Category: MNI View Created on Saturday, 19 May 2012 01:27
I am breaking a two month self imposed embargo from writing on anything political to address recent statements uttered by UN Secretary-General, Ban Ki-moon, on the changes required to fix the most pressing problem confronting the world today.
Mr Secretary addressing the UN General Assembly’s ‘high-level’ debate on The State of the World Economy and Finance and its Impact on Development stated, “It is time to recognize that human capital and natural capital are every bit as important as financial capital.”
It seems Secretary Ban was in an enlightened mood as he further chimed, “Let us face the facts: the old model is broken. We need to create a new one – a new model for dynamic growth,” said Mr. Ban, “A new paradigm based on stable economies and decent jobs and opportunities for all.”
I heard what Secretary Ban said, I digested it, but I fail to take his statement seriously. Certainly, a new paradigm is needed but a new paradigm for whom may I ask? This global recession that raised its devastating head in 2008 has gripped the world in a state of aching uncertainty. Families, companies, governments and all manner of institutions have felt the crippling effects of the new state of global affairs. Billions of dollars have been pumped into stabilizing regional and local economies, and the least favoured, often repeated word by politicians, is that of austerity.
Governments have implemented cuts across the board; some cuts so drastic that many economic analysts have questioned whether some austerity measures have gone too far. Snuffing expenses is vital, even in times of robust growth and prosperity, but it becomes more telling in tough economic times. As governments roll forward with their cuts, so too must there be a well thought out and actively pursued plan for growth.
What I have noticed is while governments and some economic theorists are busy advocating cuts, the global players- the big banks and financial institutions who got us into this mess - are continuing to make insane profits and are yet still taking risky bets, somewhat reminiscent of the causes that got us here in the first place.
US$2 billion in losses by financial institution JP Morgan Chase, yet CEO, Jamie Dimon's $23 million pay package has been secured at the bank's annual meeting last Tuesday. It is almost certain that JP Morgan’s balance sheet can absorb these losses. The Wall Street Journal reported the company announced a profit of over $5 billion during the last earning season.
The Wall Street Journal further reports in a recent editorial that “Mr. Dimon has been a vocal critic of regulatory excess—pushing back forcefully against schemes that he believes will strangle American finance and with it the economy.”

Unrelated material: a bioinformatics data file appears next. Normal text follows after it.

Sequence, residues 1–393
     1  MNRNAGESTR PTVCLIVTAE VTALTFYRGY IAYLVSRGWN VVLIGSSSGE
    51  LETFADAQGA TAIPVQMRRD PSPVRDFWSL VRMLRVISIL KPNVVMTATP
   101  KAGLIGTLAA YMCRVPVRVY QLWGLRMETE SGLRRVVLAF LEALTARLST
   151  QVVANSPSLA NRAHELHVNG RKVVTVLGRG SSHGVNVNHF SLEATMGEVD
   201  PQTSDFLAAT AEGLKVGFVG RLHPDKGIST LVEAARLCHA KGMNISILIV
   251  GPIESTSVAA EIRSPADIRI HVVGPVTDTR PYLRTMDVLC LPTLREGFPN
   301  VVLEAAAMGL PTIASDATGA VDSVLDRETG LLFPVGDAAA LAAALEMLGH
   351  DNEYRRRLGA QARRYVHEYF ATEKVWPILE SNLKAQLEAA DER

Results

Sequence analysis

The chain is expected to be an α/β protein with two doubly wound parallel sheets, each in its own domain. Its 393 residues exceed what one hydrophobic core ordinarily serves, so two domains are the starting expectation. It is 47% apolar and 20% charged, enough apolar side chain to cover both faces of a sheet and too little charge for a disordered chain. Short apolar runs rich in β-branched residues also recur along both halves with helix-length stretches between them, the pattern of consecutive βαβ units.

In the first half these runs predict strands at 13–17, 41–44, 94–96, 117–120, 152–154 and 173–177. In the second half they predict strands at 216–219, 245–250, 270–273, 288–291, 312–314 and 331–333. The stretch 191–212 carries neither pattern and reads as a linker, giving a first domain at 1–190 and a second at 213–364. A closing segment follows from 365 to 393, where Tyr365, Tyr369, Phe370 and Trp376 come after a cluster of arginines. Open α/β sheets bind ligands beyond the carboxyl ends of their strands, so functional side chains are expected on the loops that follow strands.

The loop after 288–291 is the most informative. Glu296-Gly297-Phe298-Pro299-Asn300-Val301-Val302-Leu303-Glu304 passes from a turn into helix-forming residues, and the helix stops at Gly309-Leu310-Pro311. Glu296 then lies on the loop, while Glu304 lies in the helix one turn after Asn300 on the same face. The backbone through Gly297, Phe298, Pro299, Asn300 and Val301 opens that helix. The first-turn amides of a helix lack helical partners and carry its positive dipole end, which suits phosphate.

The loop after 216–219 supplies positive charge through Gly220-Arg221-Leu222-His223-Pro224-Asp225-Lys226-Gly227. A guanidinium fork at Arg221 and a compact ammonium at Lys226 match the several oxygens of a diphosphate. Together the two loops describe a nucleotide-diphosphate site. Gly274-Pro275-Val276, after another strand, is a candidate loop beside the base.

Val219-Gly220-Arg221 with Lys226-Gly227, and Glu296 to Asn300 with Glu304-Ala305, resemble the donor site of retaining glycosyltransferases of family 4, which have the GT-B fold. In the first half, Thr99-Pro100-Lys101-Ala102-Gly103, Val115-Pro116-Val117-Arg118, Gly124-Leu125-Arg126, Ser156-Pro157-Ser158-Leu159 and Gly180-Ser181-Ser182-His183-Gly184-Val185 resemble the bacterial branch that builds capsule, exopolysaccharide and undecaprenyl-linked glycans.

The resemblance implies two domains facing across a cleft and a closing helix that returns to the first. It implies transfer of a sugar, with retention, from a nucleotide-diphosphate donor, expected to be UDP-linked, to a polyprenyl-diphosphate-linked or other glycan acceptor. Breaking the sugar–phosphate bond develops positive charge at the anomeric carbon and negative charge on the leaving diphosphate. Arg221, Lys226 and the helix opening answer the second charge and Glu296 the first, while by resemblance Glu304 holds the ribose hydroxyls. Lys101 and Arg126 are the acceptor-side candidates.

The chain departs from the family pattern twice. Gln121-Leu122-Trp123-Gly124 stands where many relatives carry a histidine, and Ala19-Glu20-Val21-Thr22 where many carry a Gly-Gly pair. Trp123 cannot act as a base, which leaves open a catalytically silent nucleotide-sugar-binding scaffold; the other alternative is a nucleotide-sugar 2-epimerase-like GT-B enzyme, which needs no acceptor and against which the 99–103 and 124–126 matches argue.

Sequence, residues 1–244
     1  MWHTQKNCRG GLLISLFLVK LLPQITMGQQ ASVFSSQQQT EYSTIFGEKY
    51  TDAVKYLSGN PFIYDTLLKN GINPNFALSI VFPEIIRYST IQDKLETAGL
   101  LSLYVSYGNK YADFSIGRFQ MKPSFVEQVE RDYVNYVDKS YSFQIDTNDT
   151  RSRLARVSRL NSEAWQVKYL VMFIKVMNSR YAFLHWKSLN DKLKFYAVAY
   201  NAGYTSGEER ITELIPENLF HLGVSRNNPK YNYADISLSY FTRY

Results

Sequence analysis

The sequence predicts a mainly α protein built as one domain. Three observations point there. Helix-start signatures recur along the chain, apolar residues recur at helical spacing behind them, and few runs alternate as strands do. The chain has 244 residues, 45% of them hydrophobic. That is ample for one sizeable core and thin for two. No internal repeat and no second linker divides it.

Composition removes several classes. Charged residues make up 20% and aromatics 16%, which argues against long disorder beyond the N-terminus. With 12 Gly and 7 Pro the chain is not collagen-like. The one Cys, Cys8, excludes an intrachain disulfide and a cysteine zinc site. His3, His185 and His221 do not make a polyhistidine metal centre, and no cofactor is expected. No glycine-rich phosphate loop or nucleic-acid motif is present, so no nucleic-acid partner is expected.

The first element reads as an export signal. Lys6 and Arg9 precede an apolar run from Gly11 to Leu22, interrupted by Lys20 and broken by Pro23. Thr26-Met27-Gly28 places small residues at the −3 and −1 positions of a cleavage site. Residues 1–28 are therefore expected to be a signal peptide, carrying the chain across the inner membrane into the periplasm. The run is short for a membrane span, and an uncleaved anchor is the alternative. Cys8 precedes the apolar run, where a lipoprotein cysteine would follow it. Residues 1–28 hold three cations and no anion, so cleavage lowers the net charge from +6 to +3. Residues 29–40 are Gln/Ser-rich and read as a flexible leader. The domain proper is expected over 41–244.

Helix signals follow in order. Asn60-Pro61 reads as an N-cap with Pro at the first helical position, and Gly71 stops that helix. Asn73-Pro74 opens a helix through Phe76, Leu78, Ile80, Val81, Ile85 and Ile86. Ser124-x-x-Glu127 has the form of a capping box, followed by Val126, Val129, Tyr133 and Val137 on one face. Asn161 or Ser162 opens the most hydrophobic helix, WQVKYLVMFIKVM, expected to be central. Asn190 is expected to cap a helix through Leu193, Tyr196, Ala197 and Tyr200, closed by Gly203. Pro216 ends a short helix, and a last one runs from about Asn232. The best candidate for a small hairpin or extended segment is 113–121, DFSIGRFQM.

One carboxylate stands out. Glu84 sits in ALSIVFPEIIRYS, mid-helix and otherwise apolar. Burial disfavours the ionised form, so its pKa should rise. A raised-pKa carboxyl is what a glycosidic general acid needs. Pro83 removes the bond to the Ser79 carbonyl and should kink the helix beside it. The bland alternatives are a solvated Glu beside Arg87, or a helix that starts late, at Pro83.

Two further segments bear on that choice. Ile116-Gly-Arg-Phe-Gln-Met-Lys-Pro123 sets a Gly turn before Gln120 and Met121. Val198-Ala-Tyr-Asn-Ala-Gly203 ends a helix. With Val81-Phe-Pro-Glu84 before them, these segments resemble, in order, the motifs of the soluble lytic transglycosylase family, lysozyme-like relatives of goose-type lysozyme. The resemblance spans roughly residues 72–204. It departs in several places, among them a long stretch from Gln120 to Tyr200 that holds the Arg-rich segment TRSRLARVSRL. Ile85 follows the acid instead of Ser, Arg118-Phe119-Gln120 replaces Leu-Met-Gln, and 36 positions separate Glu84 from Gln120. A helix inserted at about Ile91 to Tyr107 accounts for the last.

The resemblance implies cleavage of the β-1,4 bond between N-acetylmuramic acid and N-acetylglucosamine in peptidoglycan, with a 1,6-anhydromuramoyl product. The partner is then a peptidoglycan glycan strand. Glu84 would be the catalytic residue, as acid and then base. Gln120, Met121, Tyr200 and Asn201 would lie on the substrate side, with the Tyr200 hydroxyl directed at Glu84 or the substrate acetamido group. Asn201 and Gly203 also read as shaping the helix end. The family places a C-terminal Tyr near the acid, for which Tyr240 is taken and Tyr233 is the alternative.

Surely, JP Morgan’s business is built to a large extent on taking risks but perhaps Mr Dimon should not be fighting so hard against better regulation as clearly, this massive loss seems symptomatic of wreckless behaviour on behalf of the banks, considering what transpired to cause the meltdown we are now undergoing.
Companies do need to operate at a profit, as is the expectation from the financial and economic models in which they operate. But I am inclined to think that there seems to be a flaw in the system. All around us the global economy looks to be standing on straws yet the big cats continue to eat the fattest pieces of meat at their own party. So yes, Mr Secretary General, we do need a new economic model. The New World Order, so enshrined in the grab all you can capitalist mentality has failed - or is it that it is failing?
Presidential election strategists in the United States on the opposing side are looking to frame this November’s race for the White House as a verdict on President Obama’s stewardship of the U.S economy. I do not know if I should switch off my television each time that argument is presented. For as much as job growth is lacking in America – the same problem is global and brought on mainly by the same proponents of Obama’s bad stewardship of the economy. And despite the dire straights in which the global economy finds itself, a few already wealthy tycoons have done exceedingly well in these tough times of increased austerity.
Capitalism has served up growth, innovation and progress for those that subscribe to it and follow it faithfully. So too I will say that the flaws of capitalism have once again showed us the destruction caused to livelihoods, and those flaws yet continue to gnaw a gaping hole in economies that are seeking desperately to rebound.
Money is there to be made in both a bear and bull market, it just seems as if those at the bottom of the economic pile are being further squeezed into financial oblivion. Look at Greece and the torment that is ongoing due to the mismanagement of its finances. Now we see the Greeks encountering political, financial and social instability. It does seem like an exit from the Euro is now the only saving grace both for Greece and for the wider eurozone.
But consider this; is it not ironic that the country that boasts of being the "birthplace of the Western democratic systems" is the very same country who may yet bring the whole deck of cards crumbling down?
So Mr Secretary General, I agree with you. We need a new global economic model, one that deals in a fairer distribution of wealth and resources. For the world and the global economy to continue along this path of volatility and greed, I fear our economic model will not sustain any prolonged growth for anyone, for much longer.
Photo Credit To The Coming Depression
Jeevan Robinson is Founder & Editor-in-Chief of MNI Alive, the Caribbean’s global marketing, news & information (MNI) news magazine.
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